The series linked to the subgenre of true-crime are booming and this investigation and reconstruction of the case of the magnetic and perverse billionaire add to a trend becoming ever more popular.
Jeffrey Epstein: Disgustingly rich (Jeffrey Epstein: Filthy Rich, United States/2020). Address: Lisa Bryant. Duration: four episodes of almost an hour each. Available on Netflix.
In the last hours, the case of Jeffrey Epstein became news not just for the premiere of this documentary in that strong resonance box which is Netflix, but also because the organization of online activists Anonymous announced the list of dozens of rich and famous (read from politicians to entrepreneurs, passing by Comunidades and artists) that are listed in what is referred to as a “The Little Black Book of Jeffrey Epstein”. And not only that: they accused the very Donald Trump of being the instigator of the murder of the multimillion a pedophile.
According to the official version, Jeffrey Epstein was hanged on the 10th of August last (the day on which he had been 66 years) in the Metropolitan Correctional Center in New York, but there are many who have a theory different; that is to say, that he was killed not exposed to so many powerful people who were customers of its network of sex trafficking in the exploding especially to minors.
Jeffrey Epstein: Disgustingly rich tell us little or nothing of how this man born in Brooklyn and educated in the public school became not only a billionaire (at death his fortune was estimated at 578 million dollars, with private planes, an entire 7-story mansion on the Upper East Side valued at 77 million, another in Palm Beach, a luxurious ranch in New Mexico and the Little St. James Island in the Virgin Islands) but also in a figure so attractive to the VIP of the United States: from presidents, republicans and democrats (Bill Clinton and Donald Trump) to members of the royalty (prince Andrew, or the duchess Sarah Ferguson) were directly linked to Epstein in the first years of the 2000 decade.
What the documentary the debutante Lisa Bryant exposes in detail is the system assembled by Epstein to recruit minors (some as young as 14) from in many cases of low-income households and with problems affective to supply not only the personal consumption and his partner Ghislaine Maxwell but also of those rich and famous who used to frecuentarlo.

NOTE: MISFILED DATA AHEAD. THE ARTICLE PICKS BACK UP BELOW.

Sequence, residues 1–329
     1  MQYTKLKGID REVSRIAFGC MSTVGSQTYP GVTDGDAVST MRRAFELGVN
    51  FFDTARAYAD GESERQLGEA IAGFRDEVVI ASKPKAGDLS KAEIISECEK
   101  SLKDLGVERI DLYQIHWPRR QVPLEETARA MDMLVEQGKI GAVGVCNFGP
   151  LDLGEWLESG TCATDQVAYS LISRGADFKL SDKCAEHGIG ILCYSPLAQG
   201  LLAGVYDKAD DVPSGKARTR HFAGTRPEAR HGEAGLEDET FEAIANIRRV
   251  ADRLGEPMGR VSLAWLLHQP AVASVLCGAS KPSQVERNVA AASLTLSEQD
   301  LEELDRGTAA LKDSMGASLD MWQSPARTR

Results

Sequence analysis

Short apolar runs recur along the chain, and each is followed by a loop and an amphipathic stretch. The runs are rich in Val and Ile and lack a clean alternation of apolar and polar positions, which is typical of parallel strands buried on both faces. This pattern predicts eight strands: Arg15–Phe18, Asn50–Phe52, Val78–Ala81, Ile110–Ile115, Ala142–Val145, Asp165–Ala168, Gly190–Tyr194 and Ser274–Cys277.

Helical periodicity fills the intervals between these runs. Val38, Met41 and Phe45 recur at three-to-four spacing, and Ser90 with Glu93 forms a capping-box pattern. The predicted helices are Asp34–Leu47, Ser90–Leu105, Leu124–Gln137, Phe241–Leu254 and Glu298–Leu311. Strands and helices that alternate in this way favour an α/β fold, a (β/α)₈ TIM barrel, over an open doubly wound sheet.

The device of the documentary is simple, basic, elementary, but powerful: dozens of testimonies of victims (“survivors”, as stated in the sockets), researchers, lawyers, and much archival material that reconstruct not only the media coverage but the miseries of a judicial system that tends to protect the powerful (the first allegations date back to 1996, and a secret agreement with the then prosecutor of Florida, Alex Acosta, allowed him to achieve in 2008 a penalty shorthand of just 13 months). In 2017, with the boom of the movement #MeToo, the case Epstein returned to the first flat, it cost him the post of secretary of Labor that Acosta had in the cabinet of Donald Trump, and set up a new legal process in the courts of New York that, even in part, did justice to those more than 40 girls who are abused that they had given testimony.
Those who closely followed the research ensure that Jeffrey Epstein: Disgustingly rich do not add too much, although for those who are not experts in the subject matter itself serves to have a good idea of one of the emblematic cases of the era of #MeToo, perhaps just behind Harvey Weinstein.
There are some leaves sensationalist and tabloid in the treatment of the case of Bryant, who it has been accused by some critics for not caring too much to the testimoniantesbut it is also true that it is very difficult not to fall into certain excesses morbid to a life story marked by the manipulation and perversion.
The presences as producers of the prolific and experienced Joe Berlinguer (Ted Bundy: Sleeping with the killer) and James Patterson (a novelist who wrote a non-fiction book about Epstein) gave the project the boost it needed to reach a good port. In the artistic field (namely in the technical, narrative, its focus, its scope, it’s editing, its music) does not go beyond the conventions and clichés of the good television news, but in its almost four hours and in his multiplicity of data, tracks, and testimonies enough to expose the reverse side of the American dream, those secrets, and lies of a society obsessed by power and fame, but also with their worst miseries and abuses.